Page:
It’s A Tough Job, But Mets’ Fans Need To Temper Expectations Of Matt Harvey

Matt Harvey has arrived. In his first three starts he has pitched marvelously, in tough luck and pretty badly, in that order. It would appear that Harvey is going through all the inconsistencies and vicissitudes that young pitchers not named “Walter Johnson” go through. In his last start, he was cuffed around pretty badly by an offensively-challenged San Diego team, which of course prompted more than a few snarky “Now you’re really a Met, Matt” articles in the local dailies. This is all part of the learning curve. The front office and their various mouthpieces in the MSM warned us that Matt Harvey was not going to be the savior of the season, any more than Tom Seaver was able to save 1967 from being a torpid 61-101 affair.

I know we Met fans – starved for good news of any sort – would love to pin all our hopes on Harvey’s live right arm. The future does look very bright indeed, with Harvey already here and names like Jeurys Familia, Jenrry Mejia and – maybe especially – Zack Wheeler close by on the horizon. A few friends are already going, “A rotation of R.A. Dickey, Jonathon Niese, Harvey, Johan Santana and Wheeler will be pretty strong next year.” Except that you have no idea whatsoever what kind of shape Santana’s arm will be in, if Niese has conquered his own inconsistencies or what you’ll get over a full season from Wheeler or Harvey. Right now, Matt Harvey could have a very strong career, along the lines of modern day top-of-the-rotation guys like Cliff Lee or David Price. He could also have the career of Mike Pelfrey, who has never fully overcome his own issues from the neck down and up.

Let’s face it: putting the fate of an entire National League franchise in the biggest market in the country on the shoulders of 23-year-old just off the bus from Buffalo is a foolhardy enterprise. Matt Harvey is still just a kid. Sandy Koufax didn’t develop his “A” game until his sixth year in the League. Beforehand, his numbers were distinctly Pelfrey-esque. It took Justin Verlander and Jered Weaver a couple of years before they got their kinks worked out.

All I’m sayin’ is, let’s give the kid a break, huh?

Follow me on Twitter @CharlieHangley

6 comments for “It’s A Tough Job, But Mets’ Fans Need To Temper Expectations Of Matt Harvey

  1. August 7, 2012 at 3:01 pm

    Great article. In 1967, Tom Seaver had some rough outings. We need to keep things in perspective. He is a good pitcher and great pitchers learn from their mistakes.

  2. August 7, 2012 at 5:28 pm

    Lets see how the rotation pans out for the rest of the season and spring training. We may need someone like Young, or even Pelfrey, to come back if someone gets hurt or doesn’t pan out.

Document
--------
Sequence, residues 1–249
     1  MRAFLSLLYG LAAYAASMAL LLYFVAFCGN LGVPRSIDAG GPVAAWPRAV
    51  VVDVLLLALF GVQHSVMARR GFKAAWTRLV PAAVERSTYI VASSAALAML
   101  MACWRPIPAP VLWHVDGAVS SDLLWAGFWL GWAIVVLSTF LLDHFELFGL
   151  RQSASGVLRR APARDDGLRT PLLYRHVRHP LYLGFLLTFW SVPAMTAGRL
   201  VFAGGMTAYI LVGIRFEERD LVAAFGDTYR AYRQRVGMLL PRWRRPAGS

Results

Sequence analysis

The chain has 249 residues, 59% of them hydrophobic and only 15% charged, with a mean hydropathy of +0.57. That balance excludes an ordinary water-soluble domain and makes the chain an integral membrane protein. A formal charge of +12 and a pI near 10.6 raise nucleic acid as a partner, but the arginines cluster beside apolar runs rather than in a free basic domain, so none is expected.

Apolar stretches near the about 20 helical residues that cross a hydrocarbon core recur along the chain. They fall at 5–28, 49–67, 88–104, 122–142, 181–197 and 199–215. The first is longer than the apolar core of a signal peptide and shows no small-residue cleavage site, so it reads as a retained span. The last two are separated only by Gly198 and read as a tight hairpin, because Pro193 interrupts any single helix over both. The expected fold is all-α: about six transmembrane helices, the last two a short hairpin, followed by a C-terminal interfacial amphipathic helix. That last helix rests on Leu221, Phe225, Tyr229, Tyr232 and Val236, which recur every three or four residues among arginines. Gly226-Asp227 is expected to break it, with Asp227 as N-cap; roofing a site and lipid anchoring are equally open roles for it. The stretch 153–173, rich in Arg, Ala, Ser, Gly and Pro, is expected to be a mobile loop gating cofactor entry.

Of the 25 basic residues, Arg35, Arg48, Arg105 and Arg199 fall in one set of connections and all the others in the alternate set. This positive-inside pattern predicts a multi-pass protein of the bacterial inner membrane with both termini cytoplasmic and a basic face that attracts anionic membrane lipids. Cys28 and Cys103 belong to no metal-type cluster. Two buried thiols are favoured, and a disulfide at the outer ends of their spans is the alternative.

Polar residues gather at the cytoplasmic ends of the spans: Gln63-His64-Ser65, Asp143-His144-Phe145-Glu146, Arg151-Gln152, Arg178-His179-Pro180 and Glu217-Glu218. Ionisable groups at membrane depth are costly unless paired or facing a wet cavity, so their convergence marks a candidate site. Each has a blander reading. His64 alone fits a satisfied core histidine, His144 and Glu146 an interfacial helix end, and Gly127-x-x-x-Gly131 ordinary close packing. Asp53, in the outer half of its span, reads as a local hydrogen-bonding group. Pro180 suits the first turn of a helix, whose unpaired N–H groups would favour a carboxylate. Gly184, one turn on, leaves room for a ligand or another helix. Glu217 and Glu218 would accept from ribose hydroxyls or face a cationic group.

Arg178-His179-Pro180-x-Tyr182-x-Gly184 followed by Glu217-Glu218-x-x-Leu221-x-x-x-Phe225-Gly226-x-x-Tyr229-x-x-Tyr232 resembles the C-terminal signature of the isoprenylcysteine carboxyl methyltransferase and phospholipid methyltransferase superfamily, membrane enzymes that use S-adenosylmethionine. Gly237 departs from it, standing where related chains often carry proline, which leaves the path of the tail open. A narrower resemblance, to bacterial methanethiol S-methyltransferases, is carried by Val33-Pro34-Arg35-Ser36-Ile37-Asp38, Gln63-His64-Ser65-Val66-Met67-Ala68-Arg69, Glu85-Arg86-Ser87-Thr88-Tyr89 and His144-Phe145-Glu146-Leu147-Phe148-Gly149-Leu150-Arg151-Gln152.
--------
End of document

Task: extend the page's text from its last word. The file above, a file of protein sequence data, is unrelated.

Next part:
I can’t imagine the bullpen being as bad in 2013 as it was in the first half of 2012, but what if the team limited the bullpen’s impact. Just some food for thought, but a six-man rotation could focus on the team’s strengths, let starters throw innings in games rather than bullpen sessions and keep pressure off Harvey and Wheeler(when he comes up). Hell, if one of the six goes down, cut the rotation back to five and depth is suddenly not a problem.

    • Name
      August 8, 2012 at 12:33 pm

      Hell No. I dont want to see Mike Pelfrey back in a Met uniform. He’s given us enough headaches already. Plus, they should be able to get a veteren cheap starter this winter.

      I say no the 6-man rotation. You don’t want to mess with guys like Dickey and Santana who are used to their regular 4 days rest. It’s better to do 5 and leave one down at Triple-A.

  3. steevy
    August 7, 2012 at 11:09 pm

    Alderson is really starting to anger me.

    Mets Won’t Eat Jason Bay’s Contract
    By Zach Links [August 7, 2012 at 5:40pm CST]
    After announcing that Jason Bay will be a platoon player for the Mets, General Manager Sandy Alderson says that he won’t absorb the final season of the veteran’s contract. The Mets allegedly discussed a change of scenery deal with the Marlins for Bay but the Mets aren’t looking to part ways with the outfielder.

    “Certainly, there are times when it is appropriate to eat a contract,” Alderson told Andrew Marchand of ESPN New York. “There are other times when it is not. Jason Bay is not going anywhere, nor is his contract.”

    • August 8, 2012 at 12:16 pm

      Rule #1 with the Mets: never — EVER — believe the first thing Sandy says on a given subject. Trust me, this is NOT graven in stone, steevy.

      • steevy
        August 8, 2012 at 5:23 pm

        I hope you are right,I really do.

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